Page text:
Tag: Book reviews

noticed

Getting a book noticed: 4 tips from the UK’s bestselling indie author

Rachel Abbott self-published her first novel, Only the Innocent, in 2011 through Kindle Direct. It reached the number 1 spot in the Kindle store just over three months later,held its position for four weeks and was the second highest selling self-published title in 2012. In August 2015, Amazon confirmed that Rachel is the UK’s bestselling independent author over the last five years. She is also listed at number 14 in the list of bestselling authors – both traditionally and independently published – over the same five year period. Here are her top tips for promoting a title.

The one question I am always asked by writers is “How can I get my book noticed?”. As we all know, it is possible to write the most brilliant novel in the world but, unless people know it’s out there, how are they going to find it amongst the millions of books available for the Kindle?

The tips below might help you to be noticed and to build and maintain a high readership.

1) Run an awareness campaign

Don’t only think about marketing activities that result in immediate sales – focus on making sure that people recognise your books, seeing them in as many places as possible. Display your covers: at the end of each email you send; in guest posts for popular blogs; in tweets or Facebook posts. Awareness is crucial to success. When readers see your book in a store you want them to think ‘I’ve seen that book before – it looks interesting.’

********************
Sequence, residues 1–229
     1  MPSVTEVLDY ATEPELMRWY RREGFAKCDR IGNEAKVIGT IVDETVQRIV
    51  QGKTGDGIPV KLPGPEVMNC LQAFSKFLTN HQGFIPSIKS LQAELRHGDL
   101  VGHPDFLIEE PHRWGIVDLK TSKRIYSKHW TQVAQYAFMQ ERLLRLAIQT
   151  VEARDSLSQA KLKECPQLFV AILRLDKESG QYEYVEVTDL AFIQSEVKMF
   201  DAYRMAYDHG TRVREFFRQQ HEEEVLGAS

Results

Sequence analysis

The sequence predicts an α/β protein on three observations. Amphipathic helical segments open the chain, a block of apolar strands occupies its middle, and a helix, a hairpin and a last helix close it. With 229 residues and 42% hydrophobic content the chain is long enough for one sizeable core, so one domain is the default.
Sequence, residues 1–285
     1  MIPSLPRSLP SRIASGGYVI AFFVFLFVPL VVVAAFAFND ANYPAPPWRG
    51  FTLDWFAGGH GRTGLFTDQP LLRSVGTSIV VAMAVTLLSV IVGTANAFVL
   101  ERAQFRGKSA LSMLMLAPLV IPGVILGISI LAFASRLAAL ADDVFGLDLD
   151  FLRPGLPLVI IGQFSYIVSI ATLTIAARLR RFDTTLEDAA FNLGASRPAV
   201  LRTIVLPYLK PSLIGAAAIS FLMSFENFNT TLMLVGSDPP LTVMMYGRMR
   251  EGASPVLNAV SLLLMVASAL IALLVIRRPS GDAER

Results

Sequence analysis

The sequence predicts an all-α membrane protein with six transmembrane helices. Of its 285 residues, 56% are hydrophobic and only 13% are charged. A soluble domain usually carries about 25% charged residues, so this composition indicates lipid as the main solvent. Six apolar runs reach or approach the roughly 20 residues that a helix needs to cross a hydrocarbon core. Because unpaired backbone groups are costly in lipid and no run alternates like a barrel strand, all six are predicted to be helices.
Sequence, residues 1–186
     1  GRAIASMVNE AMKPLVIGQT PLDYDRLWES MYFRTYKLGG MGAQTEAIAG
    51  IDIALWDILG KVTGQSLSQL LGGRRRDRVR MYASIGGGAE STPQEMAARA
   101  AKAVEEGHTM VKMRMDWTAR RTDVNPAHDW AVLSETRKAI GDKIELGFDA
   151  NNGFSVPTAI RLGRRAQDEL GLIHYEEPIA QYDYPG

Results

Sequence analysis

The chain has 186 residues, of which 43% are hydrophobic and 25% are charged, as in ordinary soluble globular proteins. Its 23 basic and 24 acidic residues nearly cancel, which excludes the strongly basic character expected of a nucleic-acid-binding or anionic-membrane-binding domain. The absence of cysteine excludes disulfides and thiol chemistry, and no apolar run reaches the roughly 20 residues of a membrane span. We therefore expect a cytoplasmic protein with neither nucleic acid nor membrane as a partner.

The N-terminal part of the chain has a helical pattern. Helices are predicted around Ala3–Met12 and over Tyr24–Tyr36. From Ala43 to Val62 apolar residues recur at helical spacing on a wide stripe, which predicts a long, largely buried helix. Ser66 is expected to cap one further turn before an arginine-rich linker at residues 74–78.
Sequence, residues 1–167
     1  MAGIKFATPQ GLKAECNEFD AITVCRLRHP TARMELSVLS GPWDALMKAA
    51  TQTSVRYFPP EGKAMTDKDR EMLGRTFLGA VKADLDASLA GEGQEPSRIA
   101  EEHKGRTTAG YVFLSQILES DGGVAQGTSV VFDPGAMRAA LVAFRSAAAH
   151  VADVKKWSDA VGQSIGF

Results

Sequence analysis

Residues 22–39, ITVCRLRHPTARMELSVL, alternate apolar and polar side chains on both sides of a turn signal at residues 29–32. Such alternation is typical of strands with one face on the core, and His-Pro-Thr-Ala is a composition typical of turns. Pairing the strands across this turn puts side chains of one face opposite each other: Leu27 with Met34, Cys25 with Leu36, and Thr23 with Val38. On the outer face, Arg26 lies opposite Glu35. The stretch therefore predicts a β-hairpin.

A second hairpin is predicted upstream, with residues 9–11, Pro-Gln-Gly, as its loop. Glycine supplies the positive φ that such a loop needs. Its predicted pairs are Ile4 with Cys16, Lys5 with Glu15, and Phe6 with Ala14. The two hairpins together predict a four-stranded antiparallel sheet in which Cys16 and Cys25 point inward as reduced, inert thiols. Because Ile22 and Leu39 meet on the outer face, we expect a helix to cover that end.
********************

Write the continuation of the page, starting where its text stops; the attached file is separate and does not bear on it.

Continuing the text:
2) Develop a list of reviewers

Most bloggers post their reviews on Amazon and Goodreads as well as on their own blogs. Keep a list of the reviewers you like, and make sure you invite them to read the book before launch. Find other reviewers by searching similar authors, plus the word ‘review’. Send reviewers all the details they might need including what the book is about, the word length and genre. Good reviews create a desire for people to buy.

3) Build your mailing list

A perfect example of a marketing plan objective would be to increase your mailing list by 500 readers. Your actions might include putting a link to a sign-up page in the back of your books, running a promotion, creating a newsletter sign-up form for the author Facebook page, blog or website. Then you can send readers regular updates on the book launches.

4) Use social media tools to help you

It’s all so easy to get hooked on Twitter and be on their all day – but use scheduling tools to cut down on the time spent on social media. Remember the average Twitter user reads tweets for no more than 15 minutes per day and follows 270 people, so if you want to catch their eye, you need to tweet at regular intervals.

marketing publicity

Reviews are dead. Long live reviews!

There is no area of book publicity that has changed more over the last few years than the ‘book review’. Traditional reviews – the ones written by professional critics – used to dominate the publishing industry. In years gone by, they were so important that book publication dates were always Thursdays, so that review copies could be delivered to reviewers in time to get into in the Sunday papers.